http://www.freerepublic.com/focus/f-news/1432509/p...


RE: Why??
By bah12 on 7/26/2011 12:55:30 PM , Rating: 2
I tend to agree, and I believe that the really uber classified stuff never has a public facing interface, but having a public net for general stuff is acceptable. I haven't read all the links, but I don't think there has been anything too important exposed yet. Usually if a truly classified doc does get compromised it was placed on a public facing computer erroneously by a user (as we all know the biggest flaw in security is between the keyboard and chair).


RE: Why??
By zibby on 7/26/2011 2:21:15 PM , Rating: 1
They do. Its call SYPERNET


RE: Why??
By zibby on 7/26/2011 2:24:11 PM , Rating: 1
SIPERNET


RE: Why??
By Spookster on 7/26/2011 5:41:55 PM , Rating: 2
SIPRNET (Secure Internet Protocol Router Network) used for secret level classified information.

and then their is the regular non secure Internet which is named (Non-secure) NIPRNET that is what you and everybody else uses and just calls the Internet.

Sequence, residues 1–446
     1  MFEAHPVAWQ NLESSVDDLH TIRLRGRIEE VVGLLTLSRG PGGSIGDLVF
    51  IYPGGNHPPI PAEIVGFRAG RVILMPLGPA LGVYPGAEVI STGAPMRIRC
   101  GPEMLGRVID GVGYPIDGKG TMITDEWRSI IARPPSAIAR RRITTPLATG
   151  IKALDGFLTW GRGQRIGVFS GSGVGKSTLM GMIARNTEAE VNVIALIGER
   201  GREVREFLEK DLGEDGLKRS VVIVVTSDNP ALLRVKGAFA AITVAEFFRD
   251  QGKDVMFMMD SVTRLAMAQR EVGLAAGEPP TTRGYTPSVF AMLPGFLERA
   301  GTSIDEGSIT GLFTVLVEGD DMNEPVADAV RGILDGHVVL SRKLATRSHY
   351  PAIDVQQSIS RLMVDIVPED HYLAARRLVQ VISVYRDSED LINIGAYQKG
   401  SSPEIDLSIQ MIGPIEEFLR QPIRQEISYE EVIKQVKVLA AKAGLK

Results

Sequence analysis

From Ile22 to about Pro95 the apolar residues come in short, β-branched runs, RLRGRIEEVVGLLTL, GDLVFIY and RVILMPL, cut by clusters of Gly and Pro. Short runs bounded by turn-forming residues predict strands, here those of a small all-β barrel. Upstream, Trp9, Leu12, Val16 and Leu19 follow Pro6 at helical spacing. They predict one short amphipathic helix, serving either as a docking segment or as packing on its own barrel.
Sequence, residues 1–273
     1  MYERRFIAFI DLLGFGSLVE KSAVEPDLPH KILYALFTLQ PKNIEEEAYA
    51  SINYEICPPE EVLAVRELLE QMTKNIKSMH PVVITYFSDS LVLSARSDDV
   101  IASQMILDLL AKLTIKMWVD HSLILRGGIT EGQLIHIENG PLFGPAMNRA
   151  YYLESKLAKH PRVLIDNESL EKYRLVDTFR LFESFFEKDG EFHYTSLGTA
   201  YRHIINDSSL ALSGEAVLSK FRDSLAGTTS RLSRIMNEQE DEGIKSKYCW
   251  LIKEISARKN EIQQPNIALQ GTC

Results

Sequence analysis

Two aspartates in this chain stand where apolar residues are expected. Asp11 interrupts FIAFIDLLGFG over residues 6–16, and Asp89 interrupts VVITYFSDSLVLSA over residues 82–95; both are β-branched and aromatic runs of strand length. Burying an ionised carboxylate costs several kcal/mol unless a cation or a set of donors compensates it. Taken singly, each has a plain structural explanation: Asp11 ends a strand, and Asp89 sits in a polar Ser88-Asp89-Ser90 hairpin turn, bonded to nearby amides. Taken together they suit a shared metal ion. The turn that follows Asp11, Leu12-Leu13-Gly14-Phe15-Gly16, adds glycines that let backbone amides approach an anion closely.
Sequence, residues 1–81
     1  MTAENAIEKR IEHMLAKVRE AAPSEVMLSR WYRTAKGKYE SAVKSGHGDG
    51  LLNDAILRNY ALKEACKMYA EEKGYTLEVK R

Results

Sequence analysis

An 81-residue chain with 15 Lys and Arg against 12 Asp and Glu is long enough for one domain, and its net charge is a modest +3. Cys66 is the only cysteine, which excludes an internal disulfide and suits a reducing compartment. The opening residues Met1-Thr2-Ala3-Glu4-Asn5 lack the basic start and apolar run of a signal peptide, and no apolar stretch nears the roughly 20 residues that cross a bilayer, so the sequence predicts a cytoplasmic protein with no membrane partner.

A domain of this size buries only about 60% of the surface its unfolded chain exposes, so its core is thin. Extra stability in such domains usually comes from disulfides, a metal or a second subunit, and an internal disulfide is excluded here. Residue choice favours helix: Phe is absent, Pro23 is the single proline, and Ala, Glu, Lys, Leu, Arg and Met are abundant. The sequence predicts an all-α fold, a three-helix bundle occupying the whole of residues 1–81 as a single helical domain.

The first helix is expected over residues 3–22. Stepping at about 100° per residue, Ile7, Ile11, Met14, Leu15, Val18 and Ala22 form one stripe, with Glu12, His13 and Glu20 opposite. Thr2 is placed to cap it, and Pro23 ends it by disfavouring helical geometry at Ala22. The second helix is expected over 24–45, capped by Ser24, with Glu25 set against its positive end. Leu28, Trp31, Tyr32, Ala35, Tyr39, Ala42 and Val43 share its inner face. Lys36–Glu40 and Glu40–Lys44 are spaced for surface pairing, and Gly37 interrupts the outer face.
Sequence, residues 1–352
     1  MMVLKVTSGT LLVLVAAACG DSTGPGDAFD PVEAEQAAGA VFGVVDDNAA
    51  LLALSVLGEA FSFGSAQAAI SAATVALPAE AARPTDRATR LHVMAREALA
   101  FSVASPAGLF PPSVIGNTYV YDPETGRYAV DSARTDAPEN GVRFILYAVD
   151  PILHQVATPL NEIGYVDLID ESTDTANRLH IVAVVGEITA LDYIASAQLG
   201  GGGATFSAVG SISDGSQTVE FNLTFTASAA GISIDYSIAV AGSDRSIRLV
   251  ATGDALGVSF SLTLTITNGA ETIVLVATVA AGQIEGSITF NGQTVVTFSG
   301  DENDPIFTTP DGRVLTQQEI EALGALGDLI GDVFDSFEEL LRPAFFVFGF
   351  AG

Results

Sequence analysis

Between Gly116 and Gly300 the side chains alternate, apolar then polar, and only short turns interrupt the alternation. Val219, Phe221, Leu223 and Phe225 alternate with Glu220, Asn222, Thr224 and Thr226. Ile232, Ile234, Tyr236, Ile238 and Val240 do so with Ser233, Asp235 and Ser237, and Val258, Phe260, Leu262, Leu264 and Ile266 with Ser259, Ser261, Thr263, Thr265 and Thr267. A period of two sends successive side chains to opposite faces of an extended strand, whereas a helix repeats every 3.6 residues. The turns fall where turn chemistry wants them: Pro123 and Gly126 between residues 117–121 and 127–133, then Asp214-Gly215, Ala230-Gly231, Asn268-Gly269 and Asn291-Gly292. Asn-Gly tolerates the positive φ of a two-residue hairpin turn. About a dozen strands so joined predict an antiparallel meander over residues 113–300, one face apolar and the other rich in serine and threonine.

And of course there are others for higher level of classified information like JWICS.


We KNOW why.
By Reclaimer77 on 7/26/2011 10:29:17 AM , Rating: 4
When a department head abruptly "resigns", it means he was forced to step down.




RE: We KNOW why.
By CZroe on 7/26/2011 12:17:43 PM , Rating: 2
My, aren't you insightful?!


RE: We KNOW why.
By Uncle on 7/26/2011 1:21:05 PM , Rating: 2
"Mr. Vickers partners with law enforcement and intelligence agencies, including the FBI, DIA, NSA, and CIA, on intelligence gathering, technical analysis, computer crime investigations, and prosecution of individuals or organizations involved in compromising U.S. Government assets."
He fu*ked up is why. Something major was taken or compromised, or had been, because it takes time to find what was stolen.He is also in charge of "prosecution of individuals or organizations" other then running around chasing kids, where are the real enemy's he should be going after, and we all know what countries their from. Something serious left the country.